From “Hicktown” to “We Back,” Michael Knox Has Been Everywhere with Jason Aldean

Why Knox Thought Aldean Was the One to Transcend the Cowboy Noise

The first time anyone heard Jason Aldean on the radio was way, way back in 2005, when his debut single “Hicktown” was released. And the last time you heard him on the radio was probably about five minutes ago, when his latest single “We Back” came on.

The common denominator in both of those songs that have bookended Aldean’s career so far is his producer Michael Knox. He’s produced all nine of Aldean’s studio albums, and 126 of the tracks on those albums.

In a new Jake Brown book — Behind the Boards: Nashville — Knox talks at length about his 20-year partnership with Aldean. When they first met around 1998, Knox explains that he’d gone to Atlanta for a two-day talent show and he liked what he saw in Aldean. “He looked cool, and was singing Alabama, Tracy Lawrence, Guns N’ Roses, it was all over the place. And I’d been looking for a country rock guy for probably three or four years. We had McGraws, and guys who were making a lot of noise, but it was more cowboy noise, and I said, ’Man, I need a Mötley Crüe country guy, who takes all of this to the next place,'” Knox recalls in the book.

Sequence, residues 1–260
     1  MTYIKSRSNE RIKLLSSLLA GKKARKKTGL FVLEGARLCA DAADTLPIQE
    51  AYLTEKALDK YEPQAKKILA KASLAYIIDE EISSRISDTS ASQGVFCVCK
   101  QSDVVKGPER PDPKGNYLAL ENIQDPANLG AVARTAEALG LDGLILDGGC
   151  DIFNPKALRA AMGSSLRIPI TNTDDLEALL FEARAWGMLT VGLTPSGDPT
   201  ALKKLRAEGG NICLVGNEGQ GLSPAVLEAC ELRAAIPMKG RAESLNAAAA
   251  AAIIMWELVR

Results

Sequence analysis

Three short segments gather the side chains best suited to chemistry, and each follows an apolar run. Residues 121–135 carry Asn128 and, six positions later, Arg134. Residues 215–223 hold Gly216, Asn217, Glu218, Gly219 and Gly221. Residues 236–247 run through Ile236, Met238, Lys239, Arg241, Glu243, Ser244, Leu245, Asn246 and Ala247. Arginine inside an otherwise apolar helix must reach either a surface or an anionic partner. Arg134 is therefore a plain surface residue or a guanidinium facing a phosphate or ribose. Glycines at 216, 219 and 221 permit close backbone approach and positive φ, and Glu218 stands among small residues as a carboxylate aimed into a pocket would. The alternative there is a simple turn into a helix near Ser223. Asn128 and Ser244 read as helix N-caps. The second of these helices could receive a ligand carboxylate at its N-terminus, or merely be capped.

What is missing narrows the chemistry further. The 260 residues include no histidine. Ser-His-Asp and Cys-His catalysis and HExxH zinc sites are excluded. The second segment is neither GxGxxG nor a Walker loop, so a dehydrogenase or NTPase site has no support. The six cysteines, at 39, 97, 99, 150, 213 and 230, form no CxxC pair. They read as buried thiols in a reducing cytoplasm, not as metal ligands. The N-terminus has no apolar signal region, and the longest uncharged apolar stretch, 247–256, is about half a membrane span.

While the book goes deep into Aldean’s entire discography, here’s what Knox had to say about the first song and the latest song.

On the sound of “Hicktown”:

“By the time I got to work with Jason, ‘Hicktown’ was already four years old. We’d played it to Jason, and he fell in love with the song, so we played it live a couple of times, then went in the studio and sang it. And it had some things that weren’t naturally what he was doing before, but it was definitely where we were going with attitude, guitars — we changed the fiddles to guitars — and kind of rocked it out pretty hard. That was definitely the beginning of that new generation of where country was going. The main thing to remember of what we brought to country music was that really aggressive, AC/DC guitars, the really distorted guitars and hard-core drum kits and banging. Jason really busted the door down with heavier guitars, stacked guitars, we had six layers of guitars, and then live drums being recorded by Peter Coleman, who did The Knack, Blondie, and Pat Benatar, and defined what rock and roll was in the 70s.”

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